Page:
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Sports-Related Concussions & Subconcussive Injuries

Traumatic Brain Injury: Lessons Learned From Our Nation's Athletes and Military

Each Veterans Day, the Veterans Clinic at the University of Missouri School of Law holds a symposium exploring a cutting-edge topic important to veterans. This year's day-long symposium, to be held on Wednesday, November 11, 2015, will explore "Traumatic Brain Injury - Lessons Learned From Our Nation's Athletes and Military."

SmartTeams™ Talk: Resistance Training in Youth Football Not Only Safe, It Should Be Mandatory

Resistance training in youth football, says Dallas-based chiropractor and strength and conditioning coach, Steve Horowtiz, D.C., CSCS, is not only safe but it should be mandatory.

SmartTeams Talk™: Chiropractor's Role In Concussion Testing and Treatment

A chiropractor's role in concussion testing and treatment is similar to that of a pediatrician, says Dallas-based chiropractor and strength and conditioning coach, Steve Horowtiz, D.C., CSCS, in that he or she needs to know about the importance of core and neck strengthening and range of motion in preventing concussions, and about the importance of baseline testing (neurocognitive, visual, and balance) in concussion treatment.

SmartTeams™ Talk: Signs Of Head Injury Requiring Immediate Trip To Emergency Room

A concussed athlete experiencing symptoms such as repeated vomiting, worsening headache, slurred speech or loss of consciousness may have suffered a more serious head injury and should be taken immediately to the emergency room at the nearest hospital.

SmartTeams™ Talk: Coaches Need To Encourage Reporting of Concussion Symptoms; Game Officials Need To Be On The Lookout

Coaches need to create a culture of safety in which self-reporting by athletes of concussion symptoms is encouraged, not discouraged, and they aren't penalized for honest reporting, says neuropsychologist Elizabeth M. Pieroth, Psy.D, Associate Director of the Sports Concussion Program of NorthShore Medical Group and consultant to the Chicago Bears, Blackhawks, White Sox, and Fire. Like coaches, game officials need to be on the lookout for concussion symptoms after an athlete takes a hard hit, such as confusion, imbalance, slowness to respond, or the player can't remember plays. Because they are right in the middle of the action, game officials, she says, are often in a better position than those on the sideline to spot athletes with possible concussion.

SmartTeams™ Talk: Most Pediatricians Can Treat Uncomplicated Concussions, But Referral Sometimes Needed, Says Pieroth

Most pediatricians can handle uncomplicated concussions, says a top sports neuropsychologist, but parents may need to ask for a referral if their child's doctor isn't comfortable treating concussions, or where the concussion is more complicated, such as where recovery is taking longer than expected, or where the athlete has a history of concussions.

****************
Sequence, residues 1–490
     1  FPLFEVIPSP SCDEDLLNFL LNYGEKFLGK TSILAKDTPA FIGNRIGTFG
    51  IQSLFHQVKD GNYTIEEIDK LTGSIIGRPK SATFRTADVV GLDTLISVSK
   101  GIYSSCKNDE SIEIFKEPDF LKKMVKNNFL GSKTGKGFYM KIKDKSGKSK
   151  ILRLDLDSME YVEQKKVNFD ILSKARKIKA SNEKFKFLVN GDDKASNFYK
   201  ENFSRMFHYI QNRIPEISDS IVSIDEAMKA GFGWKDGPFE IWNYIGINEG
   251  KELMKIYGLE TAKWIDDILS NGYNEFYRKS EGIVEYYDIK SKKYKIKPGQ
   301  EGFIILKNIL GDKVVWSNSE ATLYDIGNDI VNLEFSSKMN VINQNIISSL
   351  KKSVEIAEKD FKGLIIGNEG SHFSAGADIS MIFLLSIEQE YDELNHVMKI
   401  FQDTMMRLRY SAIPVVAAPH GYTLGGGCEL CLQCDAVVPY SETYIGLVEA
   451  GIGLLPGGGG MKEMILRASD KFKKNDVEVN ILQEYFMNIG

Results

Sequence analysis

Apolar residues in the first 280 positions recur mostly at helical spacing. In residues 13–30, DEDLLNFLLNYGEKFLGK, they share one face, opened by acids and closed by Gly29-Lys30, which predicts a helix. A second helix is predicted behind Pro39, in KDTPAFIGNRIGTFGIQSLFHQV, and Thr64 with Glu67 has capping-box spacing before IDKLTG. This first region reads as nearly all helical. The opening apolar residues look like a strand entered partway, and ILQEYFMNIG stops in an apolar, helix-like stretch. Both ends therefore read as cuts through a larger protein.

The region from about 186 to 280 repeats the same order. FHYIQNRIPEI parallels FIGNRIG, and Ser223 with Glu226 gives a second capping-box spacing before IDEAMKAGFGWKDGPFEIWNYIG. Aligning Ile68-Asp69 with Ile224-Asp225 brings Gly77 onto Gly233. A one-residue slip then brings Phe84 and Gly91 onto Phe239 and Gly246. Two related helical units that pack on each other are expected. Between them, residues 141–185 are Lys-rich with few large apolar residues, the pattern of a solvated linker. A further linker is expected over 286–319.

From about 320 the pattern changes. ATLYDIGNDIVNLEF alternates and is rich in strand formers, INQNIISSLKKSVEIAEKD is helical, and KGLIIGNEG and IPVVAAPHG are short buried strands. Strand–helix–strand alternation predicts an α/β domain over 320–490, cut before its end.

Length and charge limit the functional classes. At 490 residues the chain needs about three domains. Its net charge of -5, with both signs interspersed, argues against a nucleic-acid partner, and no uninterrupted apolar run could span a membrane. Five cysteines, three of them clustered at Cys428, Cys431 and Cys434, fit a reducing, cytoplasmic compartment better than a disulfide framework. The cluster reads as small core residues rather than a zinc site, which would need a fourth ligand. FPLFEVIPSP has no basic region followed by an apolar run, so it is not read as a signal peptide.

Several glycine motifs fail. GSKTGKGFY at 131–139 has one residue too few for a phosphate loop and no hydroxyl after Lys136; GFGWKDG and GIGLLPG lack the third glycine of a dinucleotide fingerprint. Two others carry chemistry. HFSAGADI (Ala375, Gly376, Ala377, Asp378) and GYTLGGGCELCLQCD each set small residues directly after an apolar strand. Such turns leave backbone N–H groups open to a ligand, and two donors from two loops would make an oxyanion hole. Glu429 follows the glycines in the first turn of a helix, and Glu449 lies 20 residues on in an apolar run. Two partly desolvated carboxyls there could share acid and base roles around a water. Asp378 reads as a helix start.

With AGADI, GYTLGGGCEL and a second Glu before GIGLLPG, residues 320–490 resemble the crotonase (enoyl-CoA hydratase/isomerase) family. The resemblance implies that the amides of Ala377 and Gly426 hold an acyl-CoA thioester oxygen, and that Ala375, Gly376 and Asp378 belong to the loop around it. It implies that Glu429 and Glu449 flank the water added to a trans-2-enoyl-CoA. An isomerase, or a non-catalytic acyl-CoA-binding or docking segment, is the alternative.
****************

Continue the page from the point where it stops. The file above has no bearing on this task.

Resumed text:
SmartTeams™ Talk: Make Sure Neuropsychologist Has Training In Concussion Testing and Treatment, Says Pieroth

Make sure that the neuropsychologist involved in your child's treatment after concussion has training in concussion assessment and treatment, has kept up with evolving research and practice guidelines, and understands athletes and sports culture, says neuropsychologist Elizabeth M. Pieroth, Psy.D, Associate Director of the Sports Concussion Program of NorthShore Medical Group and consultant to the Chicago Bears and Cubs.

SmartTeams™ Talk: Individualized Return To Learn Approach Needed, Says Pieroth

Return to learn is just as important as return to play, says a top neuropsychologist and it is important to assess a child's individual symptoms and what triggers them to determine what adjustments to the school day are appropriate.

SmartTeams™ Talk: Don’t Overprescribe Cognitive Rest After Concussion, Says Pieroth

Emerging science and expert consensus are challenging the notion that an extended period of complete cognitive and physical rest after concussion is necessary for recovery, and that concussed athletes need no more than 1-2 days rest at home, after which they should return to school with modifications to the school day as needed.

Pediatrics Group Declines To Endorse Outright Ban On Tackle Football

The American Academy of Pediatrics today endorsed efforts to limit contact practices in youth football, but declined to make a clear recommendation in favor of delaying the age at which tackling is introduced, and likewise refused to support those calling for an outright ban on tackling in football for athletes below age 18,
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